Gonda: The PM’s lawyer Innocent Chagonda argues that Mr. Tsvangirai should have been allowed to marry Elizabeth under civil law, denying the prime minister paid a bride price or lobola for Karimatsenga, insisting that he only paid damages for getting her pregnant.

Chagonda: His position was that he did not marry Locardia contrary to what she was saying. The prime ministers’ position was always to say he did not instruct anybody to go and conduct a ceremony in the form of paying the lobola. He has been vindicated anyway in court by the people who he had sent, the delegations that he had sent told the court in the affidavits that they have deposed. That they had gone only in good faith to pay this lobola notwithstanding the fact that the prime minister had not agreed with that. Their intention was to allow a situation where, they thought, maybe the prime minister would change his mind or something. But it was very clear that they did it without his consent and knowledge.

Gonda: Mr. Tsvangirai then raised eyebrows when he instructed his lawyers to pay a divorce token called gupuro via the courts. Chagonda says gupuro can be paid anywhere and as far as Mr. Tsvangirai is concerned that gesture was tendered.

Chagonda: Under customary law, gupuro is paid to the woman. It will then be encumbered upon her to go and tell her parents that she has been divorced and that she has refused a gupuro. There is absolutely no procedure which has to be taken in terms of doing anything other than giving it to her or her representative. In fact one could even throw that token at her.

So what you need to do is to clearly show your intention by giving her that token because this is a union which is unregistered, you do not go to court to get a divorce certificate. What you simply need to do is to give that token, there is absolutely no strict formalities that have got to be taken, what needs to be shown is that somebody no longer wants the relationship so this is what the prime minister has said. It is very clear, it is in black and white that even if there was a relationship in the first place, it takes two to tango and he has publicly said he no longer likes it and he wants to move on with his life.

Gonda: But Karimatsenga’s lawyer says there is no way that gupuro can be made through the courts. Samkange says the prime minister had to follow tradition and just like when he first proposed face to face to Locardia he now had to come face to face with his estranged partner.

Samkange: You know we must be proud of our culture, we must be proud of our custom. Our custom is that Tsvangirai is married to Locardia, those are two people who met in the absence of us. Tsvangirai must go to Locardia personally and say to Locardia: ‘listen Locardia my dear, I was in love with you but I’m no longer in love with you, and because you’ve done x-y-z I want a divorce. And to show that I want a divorce, here is my one dollar - I no longer love you’.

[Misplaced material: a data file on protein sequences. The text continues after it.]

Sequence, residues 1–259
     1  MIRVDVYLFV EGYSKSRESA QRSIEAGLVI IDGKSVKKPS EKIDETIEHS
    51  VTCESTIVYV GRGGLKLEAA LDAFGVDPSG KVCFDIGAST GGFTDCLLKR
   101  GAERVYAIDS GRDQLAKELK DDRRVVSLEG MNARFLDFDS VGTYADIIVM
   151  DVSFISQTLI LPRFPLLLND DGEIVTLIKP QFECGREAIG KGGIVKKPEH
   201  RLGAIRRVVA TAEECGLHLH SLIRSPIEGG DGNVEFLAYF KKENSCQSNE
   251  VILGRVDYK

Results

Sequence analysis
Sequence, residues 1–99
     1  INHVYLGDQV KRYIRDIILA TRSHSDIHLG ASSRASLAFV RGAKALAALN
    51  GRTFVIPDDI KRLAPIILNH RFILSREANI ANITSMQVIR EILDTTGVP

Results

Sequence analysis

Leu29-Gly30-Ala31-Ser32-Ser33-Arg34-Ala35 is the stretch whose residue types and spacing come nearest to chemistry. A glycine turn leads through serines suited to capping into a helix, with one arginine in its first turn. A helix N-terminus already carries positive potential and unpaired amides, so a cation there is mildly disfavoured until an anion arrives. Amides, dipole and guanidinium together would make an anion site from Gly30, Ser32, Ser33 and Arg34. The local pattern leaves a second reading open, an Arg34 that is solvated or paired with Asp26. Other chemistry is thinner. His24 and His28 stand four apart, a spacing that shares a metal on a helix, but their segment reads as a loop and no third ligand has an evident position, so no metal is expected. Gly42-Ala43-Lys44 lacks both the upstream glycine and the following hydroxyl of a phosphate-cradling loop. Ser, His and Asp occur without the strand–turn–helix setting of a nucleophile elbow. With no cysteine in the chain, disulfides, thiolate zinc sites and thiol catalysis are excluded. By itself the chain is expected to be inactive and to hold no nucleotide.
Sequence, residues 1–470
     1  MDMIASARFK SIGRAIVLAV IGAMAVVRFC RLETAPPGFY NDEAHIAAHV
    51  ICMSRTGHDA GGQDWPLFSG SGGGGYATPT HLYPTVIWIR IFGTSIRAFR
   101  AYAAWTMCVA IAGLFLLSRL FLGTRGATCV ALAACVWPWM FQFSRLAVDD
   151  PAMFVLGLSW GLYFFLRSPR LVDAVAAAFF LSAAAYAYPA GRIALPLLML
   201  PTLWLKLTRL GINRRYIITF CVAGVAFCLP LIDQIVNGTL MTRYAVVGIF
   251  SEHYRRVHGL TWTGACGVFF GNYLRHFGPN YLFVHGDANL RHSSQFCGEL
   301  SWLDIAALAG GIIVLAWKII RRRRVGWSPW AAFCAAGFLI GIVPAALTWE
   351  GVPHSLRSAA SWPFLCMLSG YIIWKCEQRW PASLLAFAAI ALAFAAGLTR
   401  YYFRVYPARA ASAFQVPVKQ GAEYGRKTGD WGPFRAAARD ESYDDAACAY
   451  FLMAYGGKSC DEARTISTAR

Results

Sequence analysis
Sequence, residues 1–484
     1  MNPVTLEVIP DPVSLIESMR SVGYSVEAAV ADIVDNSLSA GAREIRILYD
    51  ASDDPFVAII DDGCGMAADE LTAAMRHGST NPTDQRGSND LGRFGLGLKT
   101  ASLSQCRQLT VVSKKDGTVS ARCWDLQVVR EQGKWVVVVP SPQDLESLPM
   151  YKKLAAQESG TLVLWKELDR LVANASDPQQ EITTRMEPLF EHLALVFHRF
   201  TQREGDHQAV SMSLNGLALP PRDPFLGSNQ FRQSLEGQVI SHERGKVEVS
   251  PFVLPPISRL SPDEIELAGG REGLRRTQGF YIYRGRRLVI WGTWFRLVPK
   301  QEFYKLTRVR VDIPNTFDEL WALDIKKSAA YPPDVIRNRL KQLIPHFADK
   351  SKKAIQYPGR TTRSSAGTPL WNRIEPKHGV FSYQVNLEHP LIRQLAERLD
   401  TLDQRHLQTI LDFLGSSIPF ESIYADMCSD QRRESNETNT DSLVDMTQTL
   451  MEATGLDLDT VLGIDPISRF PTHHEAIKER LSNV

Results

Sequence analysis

Locardia can do two things: She can either accept the gupuro or she can refuse it. Then Tsvangirai must go to Locardia’s’ aunties and say: ‘Look I have got a problem with your niece and I’m having a problem with your niece but i no longer love her and I gave her a gupuro and she doesn’t want to accept it - this is the one dollar that i have brought, I no longer want her’.

The aunties are bound to deal with the issue, but you can’t send a lawyer to say go and pay this gupuro and go and give it to Samkange, how can I accept Locardia’s’ gupuro? Was I married to Tsvangirai myself?

Gonda: Sylvia Chirawu says even in terms of customary law there is still confusion as to how a man can go about giving gupuro or the divorce token.

Chirawu: One of the major bones of contention revolves around the issue of gupuro which is a rejection token in English. There is a lot of confusion because different tribes follow different paths in terms of gupuro.

What I know from my culture is that if a man wants to divorce a wife, under customary law, then the gupuro used to be ten cents but people have just come up with two Rand – I don’t know where it came from, but basically the woman is given the money personally.
Then other tribes say that the money has to go through an aunt or munyai who is the go-between. So even in terms of customary law, there is still confusion as to how a man can go about giving the rejection token.